Oral Historian: Frank W. Boling, Sr.

Interview Date: 25 July 2008

Interviewer: John McQuarrie

Just to begin, I have a few preliminary questions. What is your date of birth?

23 November 1923.

In what war, and in what branch of the military did you serve?

I was in the Second World War, and I was attached to the 13th Air Force or what was known as then as the Army Air Corps. I served 27 months. I enlisted on 6 September 1944 and got out in 1947.

Frank W. Boling
Frank W. Boling, Sr.
ca. September 1944.

And how did you come to be in the military, sir?

Well, I got drafted. I was working for my Daddy doing carpentry all of the time and so I was deferred for two years, and so they sent mine back as Class A, and so I told my Daddy that I wouldn't try to get deferred anymore. I'll just go ahead on and enlist. So they sent me the rest of the information, and I had to go to Richmond. And from Richmond, I went to Ft. Meade, Maryland.

Why did they send you to Richmond first?

That's just where I had to go. It was like a headquarters, and then they sent me to Ft. Meade, Maryland, and I wasn't there long. Then they sent me to Seattle, Washington.

Do you recall the name of the base in Seattle where you were sent?

It was Fort Lewis, Washington.

How old were you in 1944 when you were drafted?

I was 22 yrs. old.

So you had been living in the area, helping your father do carpentry work at that time…

Esmont has always been my address; my home place is just four miles up the road where I was born and raised.

So you were living in Esmont…


Having joined the military fairly late in WWII, September 1944 - what can you tell me about the area at the time? You were a young man yourself, living here and working in the area…

I was working with my Daddy doing carpentry at various different places.

Did you notice any changes in the area due to the fact it was wartime.

Right much change. This place built up right much!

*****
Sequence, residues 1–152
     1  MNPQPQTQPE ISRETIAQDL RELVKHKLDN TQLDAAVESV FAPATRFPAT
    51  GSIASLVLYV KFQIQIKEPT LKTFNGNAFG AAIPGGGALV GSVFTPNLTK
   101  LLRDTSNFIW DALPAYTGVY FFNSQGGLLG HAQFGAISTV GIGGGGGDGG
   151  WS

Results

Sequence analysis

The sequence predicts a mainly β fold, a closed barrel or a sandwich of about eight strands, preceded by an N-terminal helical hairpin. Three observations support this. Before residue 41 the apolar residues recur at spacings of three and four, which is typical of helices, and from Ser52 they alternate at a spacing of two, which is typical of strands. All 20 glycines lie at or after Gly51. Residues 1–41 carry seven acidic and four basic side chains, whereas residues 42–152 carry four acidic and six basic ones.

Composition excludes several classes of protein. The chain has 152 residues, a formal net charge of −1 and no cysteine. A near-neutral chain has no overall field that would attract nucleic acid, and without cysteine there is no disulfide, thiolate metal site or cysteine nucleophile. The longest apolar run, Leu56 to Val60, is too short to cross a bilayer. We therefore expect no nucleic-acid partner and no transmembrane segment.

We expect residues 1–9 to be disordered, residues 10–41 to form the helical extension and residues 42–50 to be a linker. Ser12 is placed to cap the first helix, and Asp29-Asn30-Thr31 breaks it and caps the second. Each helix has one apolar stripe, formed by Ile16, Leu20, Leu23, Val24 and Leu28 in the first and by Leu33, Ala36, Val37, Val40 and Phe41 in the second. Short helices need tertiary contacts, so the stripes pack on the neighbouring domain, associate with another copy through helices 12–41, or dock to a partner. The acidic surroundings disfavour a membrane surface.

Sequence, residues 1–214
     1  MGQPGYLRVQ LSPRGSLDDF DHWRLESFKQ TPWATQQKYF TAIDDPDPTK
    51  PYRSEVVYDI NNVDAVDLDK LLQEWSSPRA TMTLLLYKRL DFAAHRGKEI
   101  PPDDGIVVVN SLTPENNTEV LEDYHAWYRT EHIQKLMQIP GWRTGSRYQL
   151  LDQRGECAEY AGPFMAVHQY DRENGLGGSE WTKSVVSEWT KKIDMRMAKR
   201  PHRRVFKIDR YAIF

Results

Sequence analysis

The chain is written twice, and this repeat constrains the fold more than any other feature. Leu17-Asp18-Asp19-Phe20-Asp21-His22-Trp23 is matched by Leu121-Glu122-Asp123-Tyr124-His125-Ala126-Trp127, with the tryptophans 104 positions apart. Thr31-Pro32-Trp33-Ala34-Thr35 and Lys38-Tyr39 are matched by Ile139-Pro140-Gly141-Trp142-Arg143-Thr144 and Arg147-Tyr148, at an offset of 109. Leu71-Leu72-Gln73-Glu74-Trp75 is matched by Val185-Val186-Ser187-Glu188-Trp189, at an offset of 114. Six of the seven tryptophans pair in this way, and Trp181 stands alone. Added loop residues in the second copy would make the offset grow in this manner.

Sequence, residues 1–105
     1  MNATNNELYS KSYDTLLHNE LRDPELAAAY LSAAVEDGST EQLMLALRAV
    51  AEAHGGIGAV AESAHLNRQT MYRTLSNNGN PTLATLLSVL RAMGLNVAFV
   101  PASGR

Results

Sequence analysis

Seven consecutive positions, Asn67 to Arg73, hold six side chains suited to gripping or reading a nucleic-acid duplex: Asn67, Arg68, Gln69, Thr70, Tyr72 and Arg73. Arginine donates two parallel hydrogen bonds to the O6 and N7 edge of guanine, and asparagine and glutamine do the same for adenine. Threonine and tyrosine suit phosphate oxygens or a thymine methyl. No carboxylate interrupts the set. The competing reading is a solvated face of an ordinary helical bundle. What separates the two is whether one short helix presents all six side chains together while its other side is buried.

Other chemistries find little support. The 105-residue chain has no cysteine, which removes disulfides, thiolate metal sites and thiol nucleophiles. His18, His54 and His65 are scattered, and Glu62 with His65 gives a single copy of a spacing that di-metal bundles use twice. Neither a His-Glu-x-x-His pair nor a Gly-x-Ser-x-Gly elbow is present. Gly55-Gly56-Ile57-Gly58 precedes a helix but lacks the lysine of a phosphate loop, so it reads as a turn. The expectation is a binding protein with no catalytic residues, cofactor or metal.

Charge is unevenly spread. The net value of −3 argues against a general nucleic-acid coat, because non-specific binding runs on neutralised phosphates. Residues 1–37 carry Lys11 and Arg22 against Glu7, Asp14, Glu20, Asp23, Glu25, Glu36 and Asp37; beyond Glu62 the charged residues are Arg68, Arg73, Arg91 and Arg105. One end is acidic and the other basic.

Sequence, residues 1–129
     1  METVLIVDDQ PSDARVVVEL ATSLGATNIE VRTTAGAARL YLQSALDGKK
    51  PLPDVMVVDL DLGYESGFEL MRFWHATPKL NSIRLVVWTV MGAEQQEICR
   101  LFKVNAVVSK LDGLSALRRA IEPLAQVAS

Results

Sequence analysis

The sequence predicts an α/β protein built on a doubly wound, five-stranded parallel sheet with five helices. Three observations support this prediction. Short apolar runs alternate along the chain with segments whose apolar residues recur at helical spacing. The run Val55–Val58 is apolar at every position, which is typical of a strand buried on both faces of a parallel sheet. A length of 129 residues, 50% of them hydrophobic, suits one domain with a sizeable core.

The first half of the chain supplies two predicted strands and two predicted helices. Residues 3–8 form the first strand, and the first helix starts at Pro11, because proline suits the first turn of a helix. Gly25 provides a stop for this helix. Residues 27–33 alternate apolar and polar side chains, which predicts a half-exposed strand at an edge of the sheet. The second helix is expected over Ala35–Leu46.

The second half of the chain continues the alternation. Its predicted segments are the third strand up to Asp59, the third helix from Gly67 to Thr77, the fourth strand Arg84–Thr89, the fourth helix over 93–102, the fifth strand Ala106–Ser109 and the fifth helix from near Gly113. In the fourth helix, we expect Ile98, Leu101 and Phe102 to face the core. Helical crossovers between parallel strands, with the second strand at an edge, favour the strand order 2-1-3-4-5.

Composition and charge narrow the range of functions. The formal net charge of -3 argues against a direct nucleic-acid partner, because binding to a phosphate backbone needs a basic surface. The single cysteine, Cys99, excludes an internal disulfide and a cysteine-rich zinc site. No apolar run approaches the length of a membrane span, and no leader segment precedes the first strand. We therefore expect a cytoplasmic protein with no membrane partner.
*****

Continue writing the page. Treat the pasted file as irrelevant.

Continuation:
Did you have any friends, relative, or neighbors, who had gone to war before you did?

Well, I had three brothers that had gone to war.

What branch of the military were they in?

We were all in the Army.

Did they go in before you did?

Yes, they all went in before me because they were older.

Did they communicate to you any of feelings about the war that might have changed how you felt about you felt about going into the service?

Well, actually, since they were all in the Army, I did want to be different. And so when I worked out the questionnaire they gave me, I tried to get into the Navy. They asked me why I wanted to do that, and so I said, well, all of my brothers are in the Army. And the doctor said 'no', and well, actually I'm a little bit color-blind. I couldn't do colors so well, and I reckon that's why they didn't take me. But he said that I'd make a good soldier. And that was it!

OK, where were you inducted?

Well, I went to Richmond and then they put me on a bus to Ft. Meade, Md.

And you were inducted at Ft. Meade?


What was the purpose of your trip to Ft. Meade - why were you there?

I guess you would call it a replacement camp because from there they would send you wherever you had to go. And for me, that was Ft. Lewis, Washington.

Did you go through boot camp training at Ft. Lewis?

Yeah -they had everything right there.

What was that like for you, Sir? How did you find the experience of boot camp?

Well, it was really, really nice - I really liked it! After I finished my basic training, they gave me a 17-day delay-in-route, and so from there I came back home. Then I had to go on to California. And that's where they sent me overseas.

How did you like Ft. Lewis? What was the training like - what kinds of things did they have you do?